much a history lesson about me.

“People always ask me what it is I do. If I’m not a singer, I must be
an actress. If I’m not an actress, I must be a singer. I like to
think of myself as an artist. I don’t think I have to be pigeonholed.

“It used to be that people didn’t trust you if you did more than one
thing. But I think that’s changing.

“When I was a singer and wanted to trying acting, everybody was:
‘Yeah, right.’ But when I acted, I didn’t make an album for eight

“Then, when I came back and made a new album, there were people who
didn’t even know I sang,” Cher laughs.

“There were even more people who didn’t know I’d sung with Sonny.”

Cher’s farewell tour began as a 58-date run in 2002. But demand for
dates has been relentless.

When she performs at the Brisbane Entertainment Centre on March 11
and 12, she will have been on the road for 34 months and played to
three million people at more than 300 shows.

Cher will take her final bow at the Hollywood Bowl, a venue where she
recalls her fondest Sonny and Cher memory, on April 30. It will be
show No. 325.

“I can’t get emotional about the final show yet,” Cher says. “Right
now, I can only take it show by show.

“But it will be hard to pack this show away. I think that’s why I’ve
kept it going. At some point, I’m going to be really sad about it
because I’ve never thought of not touring. It’s always been part of
my life.

“I’m sure the realisation will hit me later. For now, my focus is the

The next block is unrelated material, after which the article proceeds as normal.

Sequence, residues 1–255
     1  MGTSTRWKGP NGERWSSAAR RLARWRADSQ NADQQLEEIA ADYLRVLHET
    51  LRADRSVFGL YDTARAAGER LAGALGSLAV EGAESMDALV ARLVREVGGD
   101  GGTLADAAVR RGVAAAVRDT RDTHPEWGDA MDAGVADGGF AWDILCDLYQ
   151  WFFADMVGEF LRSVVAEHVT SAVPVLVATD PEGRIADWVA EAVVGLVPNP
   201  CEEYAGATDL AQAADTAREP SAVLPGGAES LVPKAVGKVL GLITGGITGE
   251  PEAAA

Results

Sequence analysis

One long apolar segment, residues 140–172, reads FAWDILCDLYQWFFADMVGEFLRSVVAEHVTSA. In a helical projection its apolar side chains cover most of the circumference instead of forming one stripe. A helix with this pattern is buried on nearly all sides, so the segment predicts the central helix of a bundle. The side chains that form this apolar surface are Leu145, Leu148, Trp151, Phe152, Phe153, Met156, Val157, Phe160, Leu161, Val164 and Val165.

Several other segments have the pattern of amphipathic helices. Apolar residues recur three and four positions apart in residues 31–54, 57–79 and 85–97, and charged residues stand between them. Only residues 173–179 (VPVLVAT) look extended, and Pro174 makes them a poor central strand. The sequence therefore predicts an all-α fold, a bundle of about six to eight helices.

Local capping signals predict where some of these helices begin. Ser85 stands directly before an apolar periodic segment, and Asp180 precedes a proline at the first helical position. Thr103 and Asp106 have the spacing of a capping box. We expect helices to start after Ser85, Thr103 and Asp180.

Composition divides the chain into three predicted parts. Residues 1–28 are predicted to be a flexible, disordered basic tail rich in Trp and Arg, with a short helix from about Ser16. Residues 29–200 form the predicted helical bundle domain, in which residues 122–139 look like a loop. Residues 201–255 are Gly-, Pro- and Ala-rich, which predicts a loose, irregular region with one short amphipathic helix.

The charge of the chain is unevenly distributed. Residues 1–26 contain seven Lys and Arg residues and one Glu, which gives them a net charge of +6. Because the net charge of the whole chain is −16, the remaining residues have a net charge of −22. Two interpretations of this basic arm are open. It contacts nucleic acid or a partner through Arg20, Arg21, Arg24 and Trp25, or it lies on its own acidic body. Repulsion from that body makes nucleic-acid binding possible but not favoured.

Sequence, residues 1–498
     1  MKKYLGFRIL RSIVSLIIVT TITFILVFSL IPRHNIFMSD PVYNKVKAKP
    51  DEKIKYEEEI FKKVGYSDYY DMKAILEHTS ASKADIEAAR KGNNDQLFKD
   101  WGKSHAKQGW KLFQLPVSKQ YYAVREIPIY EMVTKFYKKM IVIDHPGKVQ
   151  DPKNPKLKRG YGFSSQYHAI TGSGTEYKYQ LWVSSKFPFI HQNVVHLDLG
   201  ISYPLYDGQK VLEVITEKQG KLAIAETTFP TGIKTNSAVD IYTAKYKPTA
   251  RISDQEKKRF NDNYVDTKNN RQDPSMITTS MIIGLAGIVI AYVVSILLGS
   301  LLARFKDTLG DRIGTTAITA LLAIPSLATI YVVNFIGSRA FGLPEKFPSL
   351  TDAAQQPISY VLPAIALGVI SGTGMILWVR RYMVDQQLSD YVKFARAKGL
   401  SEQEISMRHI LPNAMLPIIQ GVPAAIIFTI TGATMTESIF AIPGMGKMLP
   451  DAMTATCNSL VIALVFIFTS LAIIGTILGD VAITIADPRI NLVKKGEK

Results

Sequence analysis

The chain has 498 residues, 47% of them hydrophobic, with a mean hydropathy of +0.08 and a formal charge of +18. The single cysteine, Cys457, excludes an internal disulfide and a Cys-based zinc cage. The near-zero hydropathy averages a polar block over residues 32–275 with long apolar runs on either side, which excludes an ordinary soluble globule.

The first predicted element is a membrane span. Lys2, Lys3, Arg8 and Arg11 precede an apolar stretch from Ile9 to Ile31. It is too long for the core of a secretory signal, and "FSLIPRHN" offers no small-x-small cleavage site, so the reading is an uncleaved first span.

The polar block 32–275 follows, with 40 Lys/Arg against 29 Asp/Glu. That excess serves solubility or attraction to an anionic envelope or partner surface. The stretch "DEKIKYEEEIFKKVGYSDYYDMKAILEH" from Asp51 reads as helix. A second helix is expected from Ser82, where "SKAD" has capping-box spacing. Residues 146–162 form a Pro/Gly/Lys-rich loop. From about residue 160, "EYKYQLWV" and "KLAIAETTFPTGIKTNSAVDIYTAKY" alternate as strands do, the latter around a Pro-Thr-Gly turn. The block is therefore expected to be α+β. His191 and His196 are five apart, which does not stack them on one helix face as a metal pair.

Offstage, Cher is relaxed and spontaneous. She will venture from her
hotel room to sightsee, or sneak into a cinema when the lights have
gone down.

“Obviously, it’s not easy for her to get out,” Scott says. “She loves
old movies. She will have those running in her room, even if she’s
not watching them.”

To break the tour grind, Cher reads and takes a keen interest in

“And she does needlepoint,” Scott reveals. “Most people would never
imagine Cher doing simple things like fixing her clothes, but she
really enjoys it. Tina (Turner) is the same. You find maintenance
things to do and look after yourself.”

Cher will travel by private jet to Australia, but she has done 90 per
cent of this farewell run on a customised bus.

“She has a bed and a movie screen on the bus, so she’s very happy
back there,” Scott says.

“Cher will do the 14-hour drives rather than get on a plane and fly
for an hour. Besides, it’s expensive to fly in private jets
everywhere. You have to be selective.”

A TYPICAL tour day is boring. Cher sleeps until noon, exercises or
gets a massage, then prepares for the show.

She phones her kids Chastity and Elijah regularly.

She draws a blank when asked how she feels she has made an impact on
people’s lives.

“It’s hard to know any of these things,” she says.

“And I’m not pretending. It’s hard to know. People say things but you
can’t believe it. It’s hard to understand how important your
contribution really is.

“Honestly, I just don’t get it sometimes. I’m just living my life.
Every time I get on stage, I’m genuinely surprised at all the people

Cher has no firm plan after April 30. She will record a new album.
She wants to direct. She may do an opera.

“I’m not going to give up show business, but there are new girls
coming up like Britney and J-Lo,” Cher tells the crowd in Auckland.

They boo in response.

“I know,” Cher says, joking: “They are hoes, aren’t they?”

Later, Cher, in ringmaster outfit and brandishing a whip, revels in
the spectacle about to unfold.

Tongue firmly in cheek, she sends another missive to the young
bloods: “Follow this, you bitches.”

Cher plays Brisbane Entertainment Centre on March 11 and 12, with
some tickets still available for March 11 through Ticketek